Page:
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All About Self-Manifested Qi Flow

photo credit: Fully Alive at
Students at a UK Summer Camp with Grandmaster Wong enjoying a Qi flow

Easily the hallmark of Shaolin Wahnam, and really the heart and soul of our qigong and kungfu, self-manifested Qi flow is the best skill we learn to break through blockages, restore or optimize health, and bring about vitality and longevity in our lives. The first time I ever witnessed it I was dubious to say the least. But the first time I experienced it, I was hooked. I teach this skill in our weekly qigong and kungfu class because it is so important to what we do. If qigong or kungfu is the vehicle on the road to well-being, self-manifested qi flow is the engine that drives it. Without it, we ain’t goin’ nowhere. So, what exactly is this skill and why is it so important to our training?

Known in Chinese as Zi Fa Dong Gong 自發動功, which basically means spontaneous movement practice (though I take gross liberties with my so-so Chinese translations), self-manifested Qi flow has actually been practiced for hundreds of years. Indeed, Taijiquan as we know it today evolved out of the spontaneous movements of self-manifested Qi flow. When we practice a qigong pattern in Shaolin Wahnam, any qigong pattern, we are using that pattern to induce a Qi flow. While I spend a lot of time working with students to hone and develop this skill, it always impresses me to see even frank beginners who manage to have a qi flow on the very first day. To me, this speaks volumes to the high level of our practice.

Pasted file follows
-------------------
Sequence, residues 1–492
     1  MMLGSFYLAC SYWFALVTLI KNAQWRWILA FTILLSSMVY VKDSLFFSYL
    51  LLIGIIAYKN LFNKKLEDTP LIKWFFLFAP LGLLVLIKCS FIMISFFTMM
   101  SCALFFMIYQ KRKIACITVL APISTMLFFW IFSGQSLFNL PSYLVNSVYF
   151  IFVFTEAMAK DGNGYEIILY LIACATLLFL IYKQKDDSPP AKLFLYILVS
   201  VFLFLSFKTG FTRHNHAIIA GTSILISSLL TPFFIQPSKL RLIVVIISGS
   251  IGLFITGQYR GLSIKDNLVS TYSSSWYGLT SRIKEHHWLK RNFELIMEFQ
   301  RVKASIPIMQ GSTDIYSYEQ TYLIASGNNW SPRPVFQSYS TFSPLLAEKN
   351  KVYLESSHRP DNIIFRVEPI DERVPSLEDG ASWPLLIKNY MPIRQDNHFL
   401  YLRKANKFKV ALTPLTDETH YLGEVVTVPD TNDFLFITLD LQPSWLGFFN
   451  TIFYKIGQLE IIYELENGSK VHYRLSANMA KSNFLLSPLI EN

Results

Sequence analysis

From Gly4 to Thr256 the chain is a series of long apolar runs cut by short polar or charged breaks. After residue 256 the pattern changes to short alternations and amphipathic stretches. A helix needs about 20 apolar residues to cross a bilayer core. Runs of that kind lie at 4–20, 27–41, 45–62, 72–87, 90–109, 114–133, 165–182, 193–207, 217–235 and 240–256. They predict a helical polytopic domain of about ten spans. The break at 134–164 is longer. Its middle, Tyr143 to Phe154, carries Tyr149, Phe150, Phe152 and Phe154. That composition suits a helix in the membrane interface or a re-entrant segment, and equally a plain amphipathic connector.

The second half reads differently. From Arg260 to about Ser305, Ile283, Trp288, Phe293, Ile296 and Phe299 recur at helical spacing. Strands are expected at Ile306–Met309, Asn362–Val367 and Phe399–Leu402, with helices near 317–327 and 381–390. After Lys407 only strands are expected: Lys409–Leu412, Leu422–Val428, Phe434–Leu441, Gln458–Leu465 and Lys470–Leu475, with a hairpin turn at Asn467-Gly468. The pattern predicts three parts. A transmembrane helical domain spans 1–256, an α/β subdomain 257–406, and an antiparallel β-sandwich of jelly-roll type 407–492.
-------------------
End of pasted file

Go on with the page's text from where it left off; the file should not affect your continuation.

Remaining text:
Learning how to induce a Qi flow requires relaxation, both physical and mental. Muscles can’t work efficiently when they’re tense, and the mind can’t either. So intellectual tension, or over-thinking, will also prevent Qi from flowing smoothly. As the student learns to clear their mind more and let go of thoughts more, they often notice that their qi flow becomes stronger. Movements often depend on the type of blockage being worked on. Some students simply sway gently. Others jump around, whistle, yawn and the like. I’ve often tried to describe to others what my Qi flows look like, and frankly, the best descriptor is the Monster Mash. But our energy has the innate ability to know where to work most urgently and goes there first.

As the Qi flow becomes stronger, aches and pains, chattering thoughts, emotional issues, they all start to fall away bit by bit. Within the qigong paradigm, illness is viewed as simply a blockage of energy. Remove the blockage and the illness falls away. Things like back pain, depression, stress become distant memories in the rearview mirror.

While we can take self-manifested Qi flow out of our qigong practice and still have some benefits, they pale in comparison to what is possible when we learn to develop this skill. Do you have something you’re ready to address? Is it time for you to take charge of your energy? Are you wondering how this skill can help you? Spring classes start next month. Come see what you can break through!

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